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Archiver > GENEALOGY-DNA > 2006-02 > 1138987458


From: ellen Levy <>
Subject: New Basque Study: Ancient Aldaieta Cemetery (6th Century AD)
Date: Fri, 3 Feb 2006 09:24:18 -0800 (PST)


Hi List:

As many of you, I have a particular interest in Basque
genetics. I have urged caution often on the list in
engaging in the belief that the Basques have undergone
little admixture since the Paleolithic and are thus
the best representatives of this ancient European
population.

The newest paper by Ainhoa Alzualde seems to support
this contention. It is called, "Insights into the
'Isolation' of the Basques: MtDNA Lineages from the
Historical Site of Aldaieta (6th-7th Centuries AD),
Am. J Physical Anthro. (2006). This is an early
publication online ahead of print.

The author stresses the importance of ancient DNA
analysis in reconstructing the genetic history of
human populations. He further notes:

"The presence at Aldaeita of an mtDNA lineage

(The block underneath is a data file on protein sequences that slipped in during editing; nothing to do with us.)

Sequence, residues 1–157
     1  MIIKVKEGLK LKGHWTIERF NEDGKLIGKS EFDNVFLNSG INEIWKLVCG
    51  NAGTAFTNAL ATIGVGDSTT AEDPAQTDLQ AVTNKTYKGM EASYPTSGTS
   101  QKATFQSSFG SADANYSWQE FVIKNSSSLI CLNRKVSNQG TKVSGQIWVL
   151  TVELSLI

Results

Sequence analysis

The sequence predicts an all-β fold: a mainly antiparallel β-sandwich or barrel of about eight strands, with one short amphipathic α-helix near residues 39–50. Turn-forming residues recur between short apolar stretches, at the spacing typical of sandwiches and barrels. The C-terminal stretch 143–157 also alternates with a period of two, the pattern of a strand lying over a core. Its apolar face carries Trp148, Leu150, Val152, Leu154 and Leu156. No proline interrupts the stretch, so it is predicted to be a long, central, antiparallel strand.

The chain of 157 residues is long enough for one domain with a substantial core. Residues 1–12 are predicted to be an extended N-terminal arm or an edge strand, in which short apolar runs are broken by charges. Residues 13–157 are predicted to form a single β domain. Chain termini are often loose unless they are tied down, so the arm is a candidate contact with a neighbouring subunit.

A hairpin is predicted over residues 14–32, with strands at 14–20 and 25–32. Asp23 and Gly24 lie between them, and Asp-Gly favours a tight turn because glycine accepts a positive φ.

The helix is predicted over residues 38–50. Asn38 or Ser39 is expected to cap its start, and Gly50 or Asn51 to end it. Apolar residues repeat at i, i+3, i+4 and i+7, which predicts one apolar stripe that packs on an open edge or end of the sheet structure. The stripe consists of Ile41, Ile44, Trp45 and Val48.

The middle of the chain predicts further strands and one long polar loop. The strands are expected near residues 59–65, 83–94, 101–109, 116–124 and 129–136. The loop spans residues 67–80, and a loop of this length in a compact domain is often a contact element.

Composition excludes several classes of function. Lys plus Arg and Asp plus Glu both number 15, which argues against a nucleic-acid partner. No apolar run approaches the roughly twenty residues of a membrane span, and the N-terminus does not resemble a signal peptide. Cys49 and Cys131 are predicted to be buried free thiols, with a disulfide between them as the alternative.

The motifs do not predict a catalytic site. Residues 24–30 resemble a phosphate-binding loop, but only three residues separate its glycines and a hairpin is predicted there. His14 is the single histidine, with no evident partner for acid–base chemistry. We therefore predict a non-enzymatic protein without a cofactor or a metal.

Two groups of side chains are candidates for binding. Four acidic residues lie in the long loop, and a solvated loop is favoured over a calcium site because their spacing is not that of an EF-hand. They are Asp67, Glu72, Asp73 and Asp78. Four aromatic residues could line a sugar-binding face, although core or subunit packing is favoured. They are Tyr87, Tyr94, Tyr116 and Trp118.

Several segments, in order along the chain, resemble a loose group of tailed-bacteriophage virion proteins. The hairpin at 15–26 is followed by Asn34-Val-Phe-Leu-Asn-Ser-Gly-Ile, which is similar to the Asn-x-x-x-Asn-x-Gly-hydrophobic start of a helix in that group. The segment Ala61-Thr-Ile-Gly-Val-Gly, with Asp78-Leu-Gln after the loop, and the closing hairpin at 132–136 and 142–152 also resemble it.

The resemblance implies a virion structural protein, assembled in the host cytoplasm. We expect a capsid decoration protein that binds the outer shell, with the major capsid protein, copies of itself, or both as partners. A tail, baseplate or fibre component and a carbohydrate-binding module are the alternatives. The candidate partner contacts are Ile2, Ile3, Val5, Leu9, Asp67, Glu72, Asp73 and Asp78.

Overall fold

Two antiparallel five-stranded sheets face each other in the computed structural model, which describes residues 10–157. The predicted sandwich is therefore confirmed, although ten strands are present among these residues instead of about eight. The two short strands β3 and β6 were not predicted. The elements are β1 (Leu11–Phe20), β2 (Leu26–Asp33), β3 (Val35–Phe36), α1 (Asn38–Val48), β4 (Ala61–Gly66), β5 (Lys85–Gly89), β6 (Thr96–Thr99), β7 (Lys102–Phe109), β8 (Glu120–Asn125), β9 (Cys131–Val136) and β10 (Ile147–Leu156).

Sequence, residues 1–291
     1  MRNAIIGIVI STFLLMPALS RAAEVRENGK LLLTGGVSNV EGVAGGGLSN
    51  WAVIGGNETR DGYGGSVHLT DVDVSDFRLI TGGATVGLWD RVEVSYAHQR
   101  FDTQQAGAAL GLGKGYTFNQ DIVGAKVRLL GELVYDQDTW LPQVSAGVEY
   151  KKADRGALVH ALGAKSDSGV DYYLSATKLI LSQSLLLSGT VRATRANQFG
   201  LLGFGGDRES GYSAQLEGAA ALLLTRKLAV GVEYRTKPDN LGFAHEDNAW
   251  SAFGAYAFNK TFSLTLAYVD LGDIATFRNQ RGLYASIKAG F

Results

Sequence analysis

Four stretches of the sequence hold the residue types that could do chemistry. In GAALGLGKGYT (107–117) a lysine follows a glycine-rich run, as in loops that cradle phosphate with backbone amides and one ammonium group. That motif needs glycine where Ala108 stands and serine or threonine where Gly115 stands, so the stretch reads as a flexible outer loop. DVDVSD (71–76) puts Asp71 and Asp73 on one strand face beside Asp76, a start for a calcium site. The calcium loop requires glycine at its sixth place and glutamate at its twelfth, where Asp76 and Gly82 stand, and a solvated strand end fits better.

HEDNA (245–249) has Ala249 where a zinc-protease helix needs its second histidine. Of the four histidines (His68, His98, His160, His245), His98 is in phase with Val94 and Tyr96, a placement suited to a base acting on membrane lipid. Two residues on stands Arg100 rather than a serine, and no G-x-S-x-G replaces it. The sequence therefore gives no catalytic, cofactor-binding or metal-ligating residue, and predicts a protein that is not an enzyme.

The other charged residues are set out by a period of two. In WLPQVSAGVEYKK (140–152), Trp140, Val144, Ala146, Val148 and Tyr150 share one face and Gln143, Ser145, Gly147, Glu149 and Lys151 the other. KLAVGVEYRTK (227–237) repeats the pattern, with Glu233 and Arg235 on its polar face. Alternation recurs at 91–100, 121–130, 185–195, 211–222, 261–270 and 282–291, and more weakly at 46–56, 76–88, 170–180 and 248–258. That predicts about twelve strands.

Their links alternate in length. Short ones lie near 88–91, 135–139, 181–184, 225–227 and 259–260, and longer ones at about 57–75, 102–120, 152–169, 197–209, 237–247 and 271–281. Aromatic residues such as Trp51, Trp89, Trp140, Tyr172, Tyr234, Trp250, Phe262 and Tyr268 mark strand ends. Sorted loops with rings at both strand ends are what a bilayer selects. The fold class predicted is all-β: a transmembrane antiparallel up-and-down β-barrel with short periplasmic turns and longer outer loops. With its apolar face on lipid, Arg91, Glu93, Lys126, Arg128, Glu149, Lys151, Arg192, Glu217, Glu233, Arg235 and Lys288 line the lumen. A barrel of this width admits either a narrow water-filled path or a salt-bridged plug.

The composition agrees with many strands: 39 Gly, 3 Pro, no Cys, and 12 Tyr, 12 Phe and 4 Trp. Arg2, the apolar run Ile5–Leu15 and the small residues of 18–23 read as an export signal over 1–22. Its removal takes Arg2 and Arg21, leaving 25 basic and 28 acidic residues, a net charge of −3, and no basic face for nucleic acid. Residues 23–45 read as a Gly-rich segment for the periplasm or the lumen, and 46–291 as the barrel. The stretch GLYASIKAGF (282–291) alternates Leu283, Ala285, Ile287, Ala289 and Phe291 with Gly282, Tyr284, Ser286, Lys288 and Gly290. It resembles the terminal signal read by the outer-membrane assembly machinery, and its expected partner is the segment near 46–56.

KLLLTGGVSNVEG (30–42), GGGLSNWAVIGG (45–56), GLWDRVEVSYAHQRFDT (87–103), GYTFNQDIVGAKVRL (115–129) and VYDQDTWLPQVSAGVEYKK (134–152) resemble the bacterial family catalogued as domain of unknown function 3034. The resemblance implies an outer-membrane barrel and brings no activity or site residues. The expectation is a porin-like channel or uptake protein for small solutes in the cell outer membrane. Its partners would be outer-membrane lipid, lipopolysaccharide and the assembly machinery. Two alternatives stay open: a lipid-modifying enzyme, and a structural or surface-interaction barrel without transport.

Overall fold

originating in Northwest Africa testifies to the
existence of contact between the Iberian Peninsula and
Northwest Africa prior to the Moorish occupation.
Both this latter discovery and the high frequency of
haplogroup J at the Aldaieta cemetery raise questions
about the generally accepted belief that, since
ancient times, the influence of other human groups has
been very scarce in the Basque Country."

More specifically, the non-Caucasian M1 haplogroup was
found, specifically from sub-group M1c, most commonly
found in groups from Northwestern Africa and the
Canary Islands and rare to non-existent in Europe.

As for J, it is found at a whooping 14.7% of the
ancient Aldaieta group, but is very low in present-day
Basques. In prehistoric post-Neolithic DNA studies,
it hovers in Basque Country at around 16.7%. The most
common haplotype is 16069-16126, the most common in
contemporary European populations, but completely
absent in contemporary Basques. The high frequency of
J, a haplogroup believed to be of Neolithic origin,
suggests a significant impact of mtDNA lineages from
the Neolithic demic diffusion on the Basques.

This study again confirms the amazing absence of
haplogroup V from the ancient Basques, in significant
contrast to contemporary Basques.

Ellen Coffman



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